LOS ANGELES - The pandemic changed the way people felt about many aspects of daily life, including politics. Roxanne Beckford Hoge and Kevin Dalton said they knew very little about Los Angeles County’s Board of Supervisors before 2020. That all changed when the pandemic showed the extraordinary power that Board members have.
Each Board member has more than 2 million constituents and oversees millions of dollars. They have the power to hire or fire the Director of L.A. County’s Public Health Department, Dr. Barbara Ferrer. Throughout the pandemic, the Board repeatedly endorsed Ferrer’s suggested public health mandates.
"What the Board of Supervisors allowed Barbara Ferrer to get away with is unconscionable," Roxanne Beckford Hoge said.
She decided to run for the open Supervisor seat in District 3 now occupied by the retiring Sheila Kuehl.
"The pandemic happened. I got to see under the hood of local politics and I realized, I had to do something," said Beckford Hoge.
The Republican is running against 3 well-known Democrats: St. Senator Bob Hertzberg, St. Sen. Henry Stern, and West Hollywood City Councilmember Lindsay Horvath.
"It's insiders versus outsiders. The insiders have brought us to where we are," she said.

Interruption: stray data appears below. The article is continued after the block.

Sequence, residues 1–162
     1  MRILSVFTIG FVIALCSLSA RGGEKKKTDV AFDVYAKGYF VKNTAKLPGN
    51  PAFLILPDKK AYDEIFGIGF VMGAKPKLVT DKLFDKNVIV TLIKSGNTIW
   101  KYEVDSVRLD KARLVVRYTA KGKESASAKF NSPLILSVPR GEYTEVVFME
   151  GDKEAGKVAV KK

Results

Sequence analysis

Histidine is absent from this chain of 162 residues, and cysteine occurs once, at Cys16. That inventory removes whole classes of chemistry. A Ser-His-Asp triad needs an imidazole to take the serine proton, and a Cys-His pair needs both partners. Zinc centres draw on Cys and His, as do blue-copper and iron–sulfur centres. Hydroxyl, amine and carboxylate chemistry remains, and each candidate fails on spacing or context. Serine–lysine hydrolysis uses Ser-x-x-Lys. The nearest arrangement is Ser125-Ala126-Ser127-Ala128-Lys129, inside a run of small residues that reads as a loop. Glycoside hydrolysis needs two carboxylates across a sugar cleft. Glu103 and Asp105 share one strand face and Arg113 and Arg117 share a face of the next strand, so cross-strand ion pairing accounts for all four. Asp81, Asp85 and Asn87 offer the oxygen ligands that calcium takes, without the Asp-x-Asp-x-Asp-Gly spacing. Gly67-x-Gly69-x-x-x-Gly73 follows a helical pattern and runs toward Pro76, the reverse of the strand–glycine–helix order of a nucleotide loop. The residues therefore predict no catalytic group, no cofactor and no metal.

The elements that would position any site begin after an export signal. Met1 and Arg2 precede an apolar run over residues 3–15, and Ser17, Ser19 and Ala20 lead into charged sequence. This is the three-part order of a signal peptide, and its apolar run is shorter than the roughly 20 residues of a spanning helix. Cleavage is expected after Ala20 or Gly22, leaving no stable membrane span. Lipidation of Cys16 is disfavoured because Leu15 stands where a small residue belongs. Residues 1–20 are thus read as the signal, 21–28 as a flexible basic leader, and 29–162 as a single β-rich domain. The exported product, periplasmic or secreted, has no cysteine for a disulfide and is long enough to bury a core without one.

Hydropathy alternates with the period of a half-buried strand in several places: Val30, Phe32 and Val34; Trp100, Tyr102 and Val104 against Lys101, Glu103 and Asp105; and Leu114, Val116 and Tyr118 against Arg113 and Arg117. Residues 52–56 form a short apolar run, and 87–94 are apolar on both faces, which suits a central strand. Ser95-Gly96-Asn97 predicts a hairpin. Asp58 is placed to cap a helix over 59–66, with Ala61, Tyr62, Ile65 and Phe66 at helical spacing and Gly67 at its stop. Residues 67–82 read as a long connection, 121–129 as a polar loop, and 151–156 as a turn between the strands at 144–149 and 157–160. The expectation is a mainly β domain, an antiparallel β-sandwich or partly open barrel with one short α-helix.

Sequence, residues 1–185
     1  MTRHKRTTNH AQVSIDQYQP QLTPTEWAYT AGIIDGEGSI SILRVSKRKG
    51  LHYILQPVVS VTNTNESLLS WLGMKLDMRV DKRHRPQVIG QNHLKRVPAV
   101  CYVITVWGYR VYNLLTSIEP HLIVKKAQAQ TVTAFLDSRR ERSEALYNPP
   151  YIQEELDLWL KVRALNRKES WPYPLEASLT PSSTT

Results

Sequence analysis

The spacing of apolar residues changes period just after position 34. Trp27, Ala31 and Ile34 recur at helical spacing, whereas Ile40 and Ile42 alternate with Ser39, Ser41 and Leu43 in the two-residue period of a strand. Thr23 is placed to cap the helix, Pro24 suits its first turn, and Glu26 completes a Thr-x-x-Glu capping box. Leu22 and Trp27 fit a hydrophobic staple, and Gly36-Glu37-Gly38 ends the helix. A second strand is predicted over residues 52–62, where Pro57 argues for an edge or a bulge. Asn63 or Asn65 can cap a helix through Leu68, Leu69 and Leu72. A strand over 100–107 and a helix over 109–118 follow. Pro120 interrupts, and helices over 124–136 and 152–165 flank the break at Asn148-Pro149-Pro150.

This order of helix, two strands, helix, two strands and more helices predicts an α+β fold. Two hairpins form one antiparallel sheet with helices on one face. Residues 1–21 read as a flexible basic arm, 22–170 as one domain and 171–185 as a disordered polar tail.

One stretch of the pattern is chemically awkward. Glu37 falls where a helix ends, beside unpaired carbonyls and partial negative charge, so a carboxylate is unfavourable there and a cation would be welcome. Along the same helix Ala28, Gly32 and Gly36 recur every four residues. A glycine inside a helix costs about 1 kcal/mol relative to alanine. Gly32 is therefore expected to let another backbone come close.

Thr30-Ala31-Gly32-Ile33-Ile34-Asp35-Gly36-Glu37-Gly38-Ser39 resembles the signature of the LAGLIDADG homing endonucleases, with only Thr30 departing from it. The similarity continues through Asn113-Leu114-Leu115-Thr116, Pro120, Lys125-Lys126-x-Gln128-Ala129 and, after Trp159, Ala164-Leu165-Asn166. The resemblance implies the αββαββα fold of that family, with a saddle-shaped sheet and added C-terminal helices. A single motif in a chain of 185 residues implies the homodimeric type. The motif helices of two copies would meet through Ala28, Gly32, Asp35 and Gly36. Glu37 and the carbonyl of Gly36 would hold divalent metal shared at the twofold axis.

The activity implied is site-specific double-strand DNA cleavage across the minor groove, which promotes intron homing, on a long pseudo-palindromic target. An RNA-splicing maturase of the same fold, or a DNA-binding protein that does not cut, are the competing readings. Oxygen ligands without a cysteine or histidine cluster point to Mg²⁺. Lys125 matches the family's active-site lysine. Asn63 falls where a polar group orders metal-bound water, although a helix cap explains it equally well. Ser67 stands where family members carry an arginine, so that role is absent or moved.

Hoge is a mother of four, who is traversing the 440 square mile district in her minivan. She hands out shirts saying "super mom for Supervisor" for both adults and children. She said the van is a metaphor for the campaign. "It’s a workhorse like me. It’s a utilitarian way to get a lot of people together and get them from place to place and meet all their needs," she said.
Kevin Dalton is running a similar theme for the Board of Supervisors seat in District 1. "Our community, our county was in trouble and no one was stepping up," he said.
Dalton’s tourism company shut down during the pandemic, and he became a full-time father. He said before coronavirus, he barely knew what the Board of Supervisors was.
"To find out that these five individuals have unbelievable power over 10 million people, especially when they started saying ‘You’re essential, you’re not essential, you’re not essential,’" Dalton said. "All of a sudden these light bulbs start turning on saying, ‘Woah, this is a really important gig.'"
Dalton, who is not registered with a political party, is running against current L.A. County Supervisor Hilda Solis. Solis, a Democrat, who has previously served as a member of Congress and U.S. Secretary of Labor.
"She was entering into politics when I was entering into high school and I’m not a young guy and I think people are ready for a change," he said.
Both Dalton and Hoge want more funding for law enforcement and less regulation for building. They realize the odds are stacked against them due to the county traditionally electing Democrats, but say voters should try something new.
"The way we change this county is to get more citizens on the board, the more citizens we have who have a stake in the community, the better the community will be," Dalton said.